Monday, December  17, 2018
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This was originally going to be a writeup and image gallery about a trip in the Catskills in southwest New York state. The remnants of Hurricane Ernesto, however, decided to plow into that region on the very weekend that we wanted to go. So... in damage control mode, I looked for the closest mountain hike that was going to be dry and was still relatively close. And that spot turned out to be the White Mountains in NH.

I settled on two or three possible hikes that would suit Luke and Sophie and which were peaks that Jenn and I hadn't yet done. We headed out Friday evening from Ottawa and stayed at a motel in St. Johnsbury, waiting to see what the weather would be like on Saturday morning before making the final decision. The weather, as it turned out, was so-so: some high clouds and a few lower, summit-cloaking clouds to the southwest. As a result, we stayed further east and north, and chose to do a hike in the Crawford Notch area. This hike bagged three 4000-footers (Mounts Willey, Field, and Tom) for Jenn and I, and was a reasonable distance, and was something for which we could put two cars to use (i.e. a traverse-like outing).
Willey House
Ready to shuttle
Kedron Flume Trailhead
We parked one car at the Kedron Flume trailhead, a little ways south of Crawford Notch, and the other at the notch itself. We'd hike up the Kedron Flume trail, intersect the Willey Range trail, hike the entire range trail over Willey, Field and Tom, and then end up at Crawford Notch. Another bonus: the ascent was considerably more than the descent, owing to the much higher altitude ot the ending trailhead.

Anyhow, after shuttling the cars into place, we started off up the Kedron Flume trail. And it starts off steep!
Nice but steep
Railway X-ing
Old scenic railway
The trail, though steep, is well-graded and switchbacks nicely, up until the Kedron Flume. The flume is a pleasant, ordered-looking cascade of water, and a good spot for a rest break. After this, the trail gets steeper and rougher, but it isn't too long before it ends at the Appalachian Trail. Here, one turns right, and hikes along mostly on the flat, on good trail.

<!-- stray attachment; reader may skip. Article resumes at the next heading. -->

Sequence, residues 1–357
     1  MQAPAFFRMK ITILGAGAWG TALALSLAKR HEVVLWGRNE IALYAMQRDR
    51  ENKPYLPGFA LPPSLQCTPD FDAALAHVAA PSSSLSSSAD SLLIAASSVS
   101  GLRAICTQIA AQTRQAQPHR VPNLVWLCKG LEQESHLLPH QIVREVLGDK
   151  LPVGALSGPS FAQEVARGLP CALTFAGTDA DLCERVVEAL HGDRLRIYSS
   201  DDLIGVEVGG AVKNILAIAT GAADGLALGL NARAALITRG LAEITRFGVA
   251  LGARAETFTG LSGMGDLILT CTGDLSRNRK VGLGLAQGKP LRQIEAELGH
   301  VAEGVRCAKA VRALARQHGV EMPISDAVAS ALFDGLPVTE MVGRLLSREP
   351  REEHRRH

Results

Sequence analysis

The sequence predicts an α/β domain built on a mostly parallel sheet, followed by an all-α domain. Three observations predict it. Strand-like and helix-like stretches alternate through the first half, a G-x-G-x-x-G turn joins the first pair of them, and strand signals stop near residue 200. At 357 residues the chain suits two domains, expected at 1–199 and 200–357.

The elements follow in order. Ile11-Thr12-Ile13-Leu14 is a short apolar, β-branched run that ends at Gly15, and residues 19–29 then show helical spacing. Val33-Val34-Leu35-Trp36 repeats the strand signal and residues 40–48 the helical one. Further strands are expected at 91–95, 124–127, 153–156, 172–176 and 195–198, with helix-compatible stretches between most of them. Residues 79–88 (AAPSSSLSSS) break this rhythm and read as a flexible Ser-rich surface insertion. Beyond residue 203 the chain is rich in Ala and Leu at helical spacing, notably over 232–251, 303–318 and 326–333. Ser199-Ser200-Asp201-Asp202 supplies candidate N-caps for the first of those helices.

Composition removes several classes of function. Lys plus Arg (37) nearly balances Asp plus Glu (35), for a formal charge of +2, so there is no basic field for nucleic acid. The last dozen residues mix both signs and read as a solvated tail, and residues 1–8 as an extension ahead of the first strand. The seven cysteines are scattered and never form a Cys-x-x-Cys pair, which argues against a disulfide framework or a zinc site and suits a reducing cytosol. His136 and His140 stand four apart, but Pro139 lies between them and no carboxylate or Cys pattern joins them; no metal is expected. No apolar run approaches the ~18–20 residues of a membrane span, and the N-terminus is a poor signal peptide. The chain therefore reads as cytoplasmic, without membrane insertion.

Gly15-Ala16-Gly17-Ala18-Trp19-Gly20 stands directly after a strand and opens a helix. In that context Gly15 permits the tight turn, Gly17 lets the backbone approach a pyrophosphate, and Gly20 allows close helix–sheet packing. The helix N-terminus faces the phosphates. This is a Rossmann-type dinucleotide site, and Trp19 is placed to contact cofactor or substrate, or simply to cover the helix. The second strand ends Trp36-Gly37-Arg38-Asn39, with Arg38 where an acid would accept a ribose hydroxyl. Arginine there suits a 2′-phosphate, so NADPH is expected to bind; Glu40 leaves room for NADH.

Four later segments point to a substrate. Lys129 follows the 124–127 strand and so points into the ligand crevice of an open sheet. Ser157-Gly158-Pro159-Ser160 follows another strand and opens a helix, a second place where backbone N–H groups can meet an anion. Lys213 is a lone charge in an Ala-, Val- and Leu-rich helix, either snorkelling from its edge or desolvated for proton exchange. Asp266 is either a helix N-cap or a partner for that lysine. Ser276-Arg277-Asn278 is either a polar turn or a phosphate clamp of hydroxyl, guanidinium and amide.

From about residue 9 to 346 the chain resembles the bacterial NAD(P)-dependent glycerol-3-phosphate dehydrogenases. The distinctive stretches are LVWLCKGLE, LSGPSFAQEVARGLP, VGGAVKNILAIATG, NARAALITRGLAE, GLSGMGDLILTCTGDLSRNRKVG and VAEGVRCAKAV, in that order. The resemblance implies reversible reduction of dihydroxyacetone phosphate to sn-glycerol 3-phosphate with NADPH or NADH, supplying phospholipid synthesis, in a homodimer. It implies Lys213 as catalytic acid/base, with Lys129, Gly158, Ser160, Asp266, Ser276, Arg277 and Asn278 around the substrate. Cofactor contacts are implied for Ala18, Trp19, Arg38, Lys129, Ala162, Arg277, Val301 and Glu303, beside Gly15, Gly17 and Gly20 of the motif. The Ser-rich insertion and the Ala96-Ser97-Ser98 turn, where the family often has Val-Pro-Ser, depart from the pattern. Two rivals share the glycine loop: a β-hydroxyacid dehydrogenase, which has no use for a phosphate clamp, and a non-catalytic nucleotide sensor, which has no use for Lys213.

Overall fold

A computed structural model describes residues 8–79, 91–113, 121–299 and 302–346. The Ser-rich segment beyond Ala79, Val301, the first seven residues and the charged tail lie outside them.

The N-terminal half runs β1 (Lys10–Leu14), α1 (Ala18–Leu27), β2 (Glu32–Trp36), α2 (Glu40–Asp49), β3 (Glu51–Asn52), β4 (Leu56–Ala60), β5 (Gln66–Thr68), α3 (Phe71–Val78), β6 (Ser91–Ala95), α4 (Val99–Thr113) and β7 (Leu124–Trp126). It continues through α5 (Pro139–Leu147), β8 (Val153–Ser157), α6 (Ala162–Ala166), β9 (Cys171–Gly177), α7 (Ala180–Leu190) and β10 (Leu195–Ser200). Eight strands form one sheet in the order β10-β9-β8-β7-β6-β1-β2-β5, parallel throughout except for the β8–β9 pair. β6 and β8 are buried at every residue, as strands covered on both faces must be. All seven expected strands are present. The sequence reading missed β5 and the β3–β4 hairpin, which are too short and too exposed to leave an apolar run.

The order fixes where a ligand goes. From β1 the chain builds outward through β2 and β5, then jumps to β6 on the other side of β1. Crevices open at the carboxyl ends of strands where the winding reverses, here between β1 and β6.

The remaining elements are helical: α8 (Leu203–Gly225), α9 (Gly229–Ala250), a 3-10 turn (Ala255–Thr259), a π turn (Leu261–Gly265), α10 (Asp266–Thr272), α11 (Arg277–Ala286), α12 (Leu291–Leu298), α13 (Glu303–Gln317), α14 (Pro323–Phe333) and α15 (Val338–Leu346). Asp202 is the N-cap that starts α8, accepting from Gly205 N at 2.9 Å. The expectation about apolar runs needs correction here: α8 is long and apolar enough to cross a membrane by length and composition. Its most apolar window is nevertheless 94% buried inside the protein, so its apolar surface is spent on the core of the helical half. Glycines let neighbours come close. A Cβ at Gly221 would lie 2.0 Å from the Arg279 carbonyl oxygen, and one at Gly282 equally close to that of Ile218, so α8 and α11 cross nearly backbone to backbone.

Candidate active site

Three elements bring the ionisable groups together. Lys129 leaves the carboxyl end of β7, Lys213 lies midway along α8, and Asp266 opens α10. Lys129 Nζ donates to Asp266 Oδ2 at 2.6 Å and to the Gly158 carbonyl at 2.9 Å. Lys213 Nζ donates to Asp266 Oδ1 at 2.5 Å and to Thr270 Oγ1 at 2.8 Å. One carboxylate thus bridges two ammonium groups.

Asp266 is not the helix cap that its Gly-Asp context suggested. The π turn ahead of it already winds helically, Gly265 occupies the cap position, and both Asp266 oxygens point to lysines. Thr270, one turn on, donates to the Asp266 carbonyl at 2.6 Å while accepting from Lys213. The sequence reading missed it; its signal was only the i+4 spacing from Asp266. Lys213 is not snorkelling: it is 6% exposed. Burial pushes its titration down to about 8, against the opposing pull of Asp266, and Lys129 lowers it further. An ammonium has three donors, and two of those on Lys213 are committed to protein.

Kedron Flume
Kedron Flume
Blister care time
Blister care time
End of the Kedron Flume Trail
Nice bit of the AT
The AT veers off to the left and we continue straight ahead on the Willer Range Trail. It starts to gradually get steeper, then steeper, then steeper, culminating in a very steep section that is fitted with very large, sturdy, wooden stairs. We're very close to the summit of Willey here, and even though there are doubters in the group, we are making excellent time. In fact, we reach the summit of Willey about two hours and almost 3000 vertical feet after starting out. That's a pretty decent clip!
Bye, bye, AT
Moderate stairs on the WRT
Steeper stairs!
Luke takes a break
302 far below
Across the notch
There is an excellent lookout to the east and south on Willey, and because we have some good cold weather clothing with us, we're able to endure the suprisingly brisk and cold wind at the top. It is cloudy, but the cloud ceiling is very high, and the views are good and far-ranging.
Willey Lookout
What's wrong, Soph?
What a smile!
Mount Willey's summit
The Pemigawasset Wilderness
Tree blight or forest fire
After a snack break at the top of Willey, we head north on the Range trail to the next summit, Mount Field. There is little elevation loss between the two, so the going is pretty easy, and it isn't long before we are at Mount Field's summit. Again, it is treed, but there is an open spot at the summit, and there is a lookout ledge just a few feet away.
Look! Agents in the Field
Ok, Jenn, show's over!
Mount Washington Hotel
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